Land tenure and legal recognition of community land rights
Many people in Uganda face considerable uncertainty about land ownership, land and tree tenure and permitted land uses. The Constitution recognises customary land tenure, freehold, mail-order and leasold title. This certificate can be transferred, mortgaged or otherwise pledged.
In Uganda, all land is owned, including the trees growing on it, whether it is government or private land. However, there are ambiguities regarding special conditions that apply to “reserved” tree species. Although trees planted on private land have always been privately owned, trees of reserved species are not widely planted because of uncertainty as to their ownership.
In addition, the law recognizes the right of persons to hold communal land. Any group of persons may form a communal land association for any purpose related to communal ownership and management of land, whether under customary law or otherwise. The Communal Land Association may also constitute a common land management system whereby the members agree to manage communal land and define their rights and duties.
The concept of reserved land
The concept of “reserved” land consists of setting aside land for a specific use. All interested parties, including individuals, groups and communities, as well as central and local government, can “reserve” or set aside forests for forestry purposes in perpetuity. Where there is a commitment to maintain them as reserves in perpetuity, they could be considered part of the permanent forest estate.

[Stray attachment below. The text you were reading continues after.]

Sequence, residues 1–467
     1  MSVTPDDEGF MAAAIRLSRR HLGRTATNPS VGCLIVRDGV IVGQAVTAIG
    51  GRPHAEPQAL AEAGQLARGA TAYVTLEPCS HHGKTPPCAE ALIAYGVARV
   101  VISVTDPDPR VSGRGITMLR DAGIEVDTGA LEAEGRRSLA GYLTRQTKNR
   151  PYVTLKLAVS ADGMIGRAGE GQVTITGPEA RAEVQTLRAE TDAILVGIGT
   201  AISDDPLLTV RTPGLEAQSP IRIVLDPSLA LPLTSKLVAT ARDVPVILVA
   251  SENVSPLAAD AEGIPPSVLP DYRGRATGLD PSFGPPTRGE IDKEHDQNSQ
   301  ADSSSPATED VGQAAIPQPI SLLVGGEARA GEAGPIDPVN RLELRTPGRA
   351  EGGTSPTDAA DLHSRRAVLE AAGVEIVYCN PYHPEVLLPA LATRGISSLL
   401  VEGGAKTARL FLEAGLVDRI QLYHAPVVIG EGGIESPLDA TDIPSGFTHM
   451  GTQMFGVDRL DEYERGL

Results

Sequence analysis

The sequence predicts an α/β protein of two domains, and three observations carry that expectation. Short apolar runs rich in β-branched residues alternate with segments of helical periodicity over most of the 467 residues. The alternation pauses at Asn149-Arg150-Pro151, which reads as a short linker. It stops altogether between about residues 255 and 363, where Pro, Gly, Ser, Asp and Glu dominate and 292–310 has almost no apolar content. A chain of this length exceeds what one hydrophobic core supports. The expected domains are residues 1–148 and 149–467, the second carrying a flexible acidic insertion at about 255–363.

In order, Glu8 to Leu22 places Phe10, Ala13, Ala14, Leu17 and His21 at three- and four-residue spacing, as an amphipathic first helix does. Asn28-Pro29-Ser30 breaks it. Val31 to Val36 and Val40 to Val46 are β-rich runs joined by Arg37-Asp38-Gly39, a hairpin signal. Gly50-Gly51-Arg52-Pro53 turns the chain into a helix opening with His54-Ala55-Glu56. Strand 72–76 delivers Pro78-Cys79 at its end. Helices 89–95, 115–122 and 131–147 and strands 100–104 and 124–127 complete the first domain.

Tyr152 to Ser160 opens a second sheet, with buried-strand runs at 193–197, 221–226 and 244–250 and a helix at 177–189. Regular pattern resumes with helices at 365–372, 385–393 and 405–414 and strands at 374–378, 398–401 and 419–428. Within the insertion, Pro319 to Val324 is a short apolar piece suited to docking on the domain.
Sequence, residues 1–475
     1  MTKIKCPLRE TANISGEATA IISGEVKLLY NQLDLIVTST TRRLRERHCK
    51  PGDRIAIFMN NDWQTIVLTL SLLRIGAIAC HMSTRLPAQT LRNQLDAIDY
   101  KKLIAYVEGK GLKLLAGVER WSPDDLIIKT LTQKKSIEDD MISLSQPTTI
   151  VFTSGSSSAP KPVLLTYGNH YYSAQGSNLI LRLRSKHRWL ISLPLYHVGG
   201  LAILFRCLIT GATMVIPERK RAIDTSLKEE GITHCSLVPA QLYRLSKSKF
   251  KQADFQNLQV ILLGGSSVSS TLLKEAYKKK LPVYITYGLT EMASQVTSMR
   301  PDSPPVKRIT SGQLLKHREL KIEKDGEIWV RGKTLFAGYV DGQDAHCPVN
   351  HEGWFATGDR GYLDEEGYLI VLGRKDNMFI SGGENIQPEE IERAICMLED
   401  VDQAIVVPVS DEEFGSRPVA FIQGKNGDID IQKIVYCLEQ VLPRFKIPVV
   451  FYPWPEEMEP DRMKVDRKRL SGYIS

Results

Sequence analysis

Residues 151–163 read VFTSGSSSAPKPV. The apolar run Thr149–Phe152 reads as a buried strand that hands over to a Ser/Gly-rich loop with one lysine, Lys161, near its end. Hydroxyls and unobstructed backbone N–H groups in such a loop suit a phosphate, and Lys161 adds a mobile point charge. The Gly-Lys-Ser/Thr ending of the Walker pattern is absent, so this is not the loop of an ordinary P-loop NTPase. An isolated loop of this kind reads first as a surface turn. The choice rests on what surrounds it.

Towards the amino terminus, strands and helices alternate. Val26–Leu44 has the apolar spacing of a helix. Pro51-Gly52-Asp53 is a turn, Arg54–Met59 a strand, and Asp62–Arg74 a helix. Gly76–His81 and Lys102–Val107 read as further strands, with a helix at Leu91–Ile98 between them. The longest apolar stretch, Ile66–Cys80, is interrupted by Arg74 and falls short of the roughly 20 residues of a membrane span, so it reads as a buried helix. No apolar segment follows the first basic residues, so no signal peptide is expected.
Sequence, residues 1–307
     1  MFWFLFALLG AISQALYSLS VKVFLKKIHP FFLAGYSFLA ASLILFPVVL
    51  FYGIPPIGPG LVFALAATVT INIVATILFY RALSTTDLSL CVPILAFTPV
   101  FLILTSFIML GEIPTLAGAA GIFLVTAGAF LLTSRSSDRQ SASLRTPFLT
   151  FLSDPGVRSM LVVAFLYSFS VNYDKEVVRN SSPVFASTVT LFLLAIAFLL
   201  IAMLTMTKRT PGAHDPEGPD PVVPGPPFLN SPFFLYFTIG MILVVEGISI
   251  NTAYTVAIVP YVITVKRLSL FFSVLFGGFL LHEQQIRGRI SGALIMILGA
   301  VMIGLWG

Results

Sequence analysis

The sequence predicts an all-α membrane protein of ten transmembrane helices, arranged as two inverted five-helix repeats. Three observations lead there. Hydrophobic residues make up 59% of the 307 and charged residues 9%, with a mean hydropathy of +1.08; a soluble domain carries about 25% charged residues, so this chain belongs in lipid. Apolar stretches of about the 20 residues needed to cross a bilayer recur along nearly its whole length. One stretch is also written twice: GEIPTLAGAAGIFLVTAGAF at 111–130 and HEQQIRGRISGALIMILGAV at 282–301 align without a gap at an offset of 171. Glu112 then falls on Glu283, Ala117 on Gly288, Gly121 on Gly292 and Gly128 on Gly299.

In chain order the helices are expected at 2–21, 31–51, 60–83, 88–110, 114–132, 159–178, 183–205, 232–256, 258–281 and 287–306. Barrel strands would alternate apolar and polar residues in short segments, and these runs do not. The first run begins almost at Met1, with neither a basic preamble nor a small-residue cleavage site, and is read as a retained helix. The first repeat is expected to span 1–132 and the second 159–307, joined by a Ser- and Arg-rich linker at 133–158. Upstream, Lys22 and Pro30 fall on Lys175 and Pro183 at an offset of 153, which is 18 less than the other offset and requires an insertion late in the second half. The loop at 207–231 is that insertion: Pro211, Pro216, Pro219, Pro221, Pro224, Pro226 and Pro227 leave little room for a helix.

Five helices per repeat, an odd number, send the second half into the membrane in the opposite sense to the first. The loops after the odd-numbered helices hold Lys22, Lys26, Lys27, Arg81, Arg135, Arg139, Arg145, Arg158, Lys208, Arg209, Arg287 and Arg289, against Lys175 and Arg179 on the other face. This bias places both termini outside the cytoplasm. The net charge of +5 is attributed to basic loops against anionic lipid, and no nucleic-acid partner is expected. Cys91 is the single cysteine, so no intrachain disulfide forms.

Under the Land Act, the District Land Boards and District Land Courts are vested with considerable powers, as are the Land Committees and Sub-County Land Courts that deal with local land issues. These bodies are fully autonomous from central and local government and cannot be directed by the executive on any land issue. This provides a mechanism to promote local wishes for the protection of forest areas.
The principal authorities for forest management
There are 3 main authorities dealing with the protection and management of forests and lands in Uganda:
- Ministry of Water, Lands and Environment
- National Forestry Authority (NFA)
- Uganda Wildlife Authority (UWA)
The Constitution (1995), the Land Act (1998) and the National Forestry & Tree Planting Act (2003) set the tone for land ownership and tenure issues. There is no longer a category of public land, but only customary land, freehold land, mailo land and leasehold land (article 237 of the Constitution, article 3 of the Land Act).
The information on land rights has been taken from “The Uganda Forestry Policy”, a document published by the Ministry of Water, Lands and Environment. The complete document can be consulted by clicking here!